RECIPE – Hungarian Goulash

Let’s be honest – now that we’re in Fall / Winter mode, people are secretly happy they have an excuse to eat those comfort foods that don’t seem appropriate on a hot July day.

Most probably assume their favorite dishes aren’t healthy, and therefore tend to avoid eating and cooking them on a regular basis for fear of falling off their particular eating plan. Depending on the food that might be the case (donuts, lasagna, ice cream) but a lot of the time it isn’t.

Take this recipe for Hungarian Goulash, which is basically a stew flavored with paprika. Sure, it might traditionally be served with potatoes or noodles, but why not with steamed zucchini or sauteed spinach instead?

If something seems unhealthy, take a minute to break down it’s component food groups and ask yourself if it’s really that bad, and if there aren’t things you can substitute in and out to make it a little better.

Pulled pork might not be so great when it’s served on a white bun with fries and sweet BBQ sauce, but on it’s own without the bun, hot sauce instead of BBQ sauce and coleslaw on the side? Not bad at all.

For this Hungarian Goulash recipe I use beef, but it can easily be made with chicken thighs, pork shoulder, lamb, or chickpeas for a vegan version.


Hungarian Goulash

  • 2kg Beef chuck, cut into cubes
  • Mild paprika
  • Smoked paprika
  • 1 large yellow onions, chopped
  • 5 cloves of garlic, minced
  • 1 glass of red wine
  • 1-2 Bay leaves
  • Caraway seeds
  • Sea salt
  • Black pepper
  • Sour cream
  • Red peppers, chopped
  • Carrots, chopped
  • Bacon fat (or extra virgin olive oil)

Take your raw beef, put into a bowl and season generously with salt and pepper. If you have time, do this the night before cooking as it will help the meat absorb the salt better. If you don’t have that much time, 1-2 hours before cooking is ideal.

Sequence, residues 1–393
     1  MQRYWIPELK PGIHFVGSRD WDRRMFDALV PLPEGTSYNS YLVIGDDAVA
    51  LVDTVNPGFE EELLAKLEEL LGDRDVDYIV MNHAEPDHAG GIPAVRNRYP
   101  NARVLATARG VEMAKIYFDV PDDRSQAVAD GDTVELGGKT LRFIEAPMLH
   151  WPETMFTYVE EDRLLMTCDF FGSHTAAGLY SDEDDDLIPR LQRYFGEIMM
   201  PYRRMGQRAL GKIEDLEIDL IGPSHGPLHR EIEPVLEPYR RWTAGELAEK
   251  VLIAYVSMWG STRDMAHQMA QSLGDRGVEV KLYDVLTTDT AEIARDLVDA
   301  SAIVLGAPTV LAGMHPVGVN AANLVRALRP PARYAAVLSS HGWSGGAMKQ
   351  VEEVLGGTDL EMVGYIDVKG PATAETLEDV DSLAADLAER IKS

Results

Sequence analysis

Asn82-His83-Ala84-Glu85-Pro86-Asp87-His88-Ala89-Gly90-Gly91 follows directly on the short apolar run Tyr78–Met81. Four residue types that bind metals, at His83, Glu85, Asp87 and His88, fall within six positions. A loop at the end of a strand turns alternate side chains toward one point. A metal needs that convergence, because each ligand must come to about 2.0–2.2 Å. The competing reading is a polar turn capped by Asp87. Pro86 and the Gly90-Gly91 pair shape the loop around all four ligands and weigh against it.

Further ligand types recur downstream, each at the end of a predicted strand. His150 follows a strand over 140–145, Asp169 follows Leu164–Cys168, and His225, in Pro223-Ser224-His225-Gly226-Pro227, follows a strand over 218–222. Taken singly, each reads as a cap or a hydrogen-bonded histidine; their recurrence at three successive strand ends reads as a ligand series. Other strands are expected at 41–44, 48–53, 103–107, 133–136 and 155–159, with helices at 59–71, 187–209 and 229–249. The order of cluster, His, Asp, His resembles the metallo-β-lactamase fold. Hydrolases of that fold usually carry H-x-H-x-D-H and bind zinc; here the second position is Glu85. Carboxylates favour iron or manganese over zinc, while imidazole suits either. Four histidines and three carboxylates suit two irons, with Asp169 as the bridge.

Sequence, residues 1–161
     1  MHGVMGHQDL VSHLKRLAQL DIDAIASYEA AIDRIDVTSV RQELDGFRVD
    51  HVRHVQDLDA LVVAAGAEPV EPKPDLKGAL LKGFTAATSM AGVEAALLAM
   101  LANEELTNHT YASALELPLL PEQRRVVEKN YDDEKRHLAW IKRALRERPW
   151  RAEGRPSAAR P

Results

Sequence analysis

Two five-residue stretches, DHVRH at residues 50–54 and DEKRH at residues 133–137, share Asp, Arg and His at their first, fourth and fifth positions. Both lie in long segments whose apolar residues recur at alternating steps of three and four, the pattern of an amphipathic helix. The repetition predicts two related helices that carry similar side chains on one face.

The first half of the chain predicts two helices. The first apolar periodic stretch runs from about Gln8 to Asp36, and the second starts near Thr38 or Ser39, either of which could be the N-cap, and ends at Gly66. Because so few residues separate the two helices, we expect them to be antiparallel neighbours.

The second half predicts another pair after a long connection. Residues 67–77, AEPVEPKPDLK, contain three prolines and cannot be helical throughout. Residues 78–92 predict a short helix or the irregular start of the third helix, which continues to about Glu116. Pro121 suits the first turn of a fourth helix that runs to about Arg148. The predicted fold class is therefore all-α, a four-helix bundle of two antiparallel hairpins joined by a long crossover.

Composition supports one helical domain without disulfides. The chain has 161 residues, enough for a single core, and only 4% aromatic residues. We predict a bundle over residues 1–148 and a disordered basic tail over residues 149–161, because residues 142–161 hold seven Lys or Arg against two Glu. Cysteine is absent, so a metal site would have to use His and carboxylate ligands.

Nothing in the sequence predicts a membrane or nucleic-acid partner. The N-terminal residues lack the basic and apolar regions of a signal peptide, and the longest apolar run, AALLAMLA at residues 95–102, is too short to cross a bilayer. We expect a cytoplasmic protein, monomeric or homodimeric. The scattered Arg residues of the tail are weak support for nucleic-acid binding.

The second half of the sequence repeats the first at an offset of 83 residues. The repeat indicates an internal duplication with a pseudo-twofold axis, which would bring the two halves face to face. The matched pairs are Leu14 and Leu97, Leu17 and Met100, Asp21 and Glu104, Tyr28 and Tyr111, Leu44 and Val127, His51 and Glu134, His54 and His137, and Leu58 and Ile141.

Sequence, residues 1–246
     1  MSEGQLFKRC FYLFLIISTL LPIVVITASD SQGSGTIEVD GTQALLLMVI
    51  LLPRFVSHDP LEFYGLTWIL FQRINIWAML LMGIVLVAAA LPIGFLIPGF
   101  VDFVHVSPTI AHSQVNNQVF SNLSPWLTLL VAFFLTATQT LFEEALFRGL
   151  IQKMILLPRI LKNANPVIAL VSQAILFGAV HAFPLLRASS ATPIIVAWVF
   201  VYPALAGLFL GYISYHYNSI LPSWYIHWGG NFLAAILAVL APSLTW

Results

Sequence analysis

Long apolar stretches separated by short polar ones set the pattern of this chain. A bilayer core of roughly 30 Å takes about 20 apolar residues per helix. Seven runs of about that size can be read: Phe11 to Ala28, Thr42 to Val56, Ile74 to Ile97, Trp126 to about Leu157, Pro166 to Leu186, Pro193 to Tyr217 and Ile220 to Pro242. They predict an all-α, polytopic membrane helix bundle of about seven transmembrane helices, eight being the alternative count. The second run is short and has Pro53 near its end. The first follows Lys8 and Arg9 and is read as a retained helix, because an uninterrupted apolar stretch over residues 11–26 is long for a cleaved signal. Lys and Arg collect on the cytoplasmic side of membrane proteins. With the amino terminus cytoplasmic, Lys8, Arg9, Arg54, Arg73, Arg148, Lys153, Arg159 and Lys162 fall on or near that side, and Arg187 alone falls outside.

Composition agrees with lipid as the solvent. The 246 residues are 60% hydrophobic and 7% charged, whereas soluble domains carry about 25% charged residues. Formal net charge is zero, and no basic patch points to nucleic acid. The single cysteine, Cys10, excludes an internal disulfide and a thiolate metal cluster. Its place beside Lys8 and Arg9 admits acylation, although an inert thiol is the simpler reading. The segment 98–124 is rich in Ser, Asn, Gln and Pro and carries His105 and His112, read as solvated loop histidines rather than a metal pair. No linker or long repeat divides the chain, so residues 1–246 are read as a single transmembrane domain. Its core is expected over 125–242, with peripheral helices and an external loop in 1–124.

Heat a large pot, add a generous amount of bacon fat and then add the beef to the pot. Turn the heat onto high and begin frying the beef for 5 minutes or so, until it begins to brown. Try not to turn the beef too much as you want to develop a nice caramalization.

Add the onions and garlic to the pot and stir to combine everything. Cook for a few minutes, then add a spoonful of caraway seeds, bay leaves, a generous amount of mild paprika and smaller spoon of smoked paparika (you add less of this as it can become overwhelmingly smokey).

Add a glass of red wine, stir around, and add a little more water just so the beef is barely submerged. Lower the heat and simmer for 1.5 hours on low heat. You want the meat to begin breaking down and become very tender.

Once cooked, you can remove the lid and allow to simmer for a little longer if you want to thicken the sauce. I like to add the chopped peppers and carrot a few minutes before serving to keep them a little crunchier, but add in earlier if you prefer the vegetables well done. Before you’re ready to serve, add a large dollop of sour cream to the pot and stir around and allow to cook for a minute longer.

Serve with the above mentioned zucchini, spinach, or some other simply cooked vegetable.

If you’re not on a diet, this Goulash goes especially well with gnocchi or spaetzle noodles…

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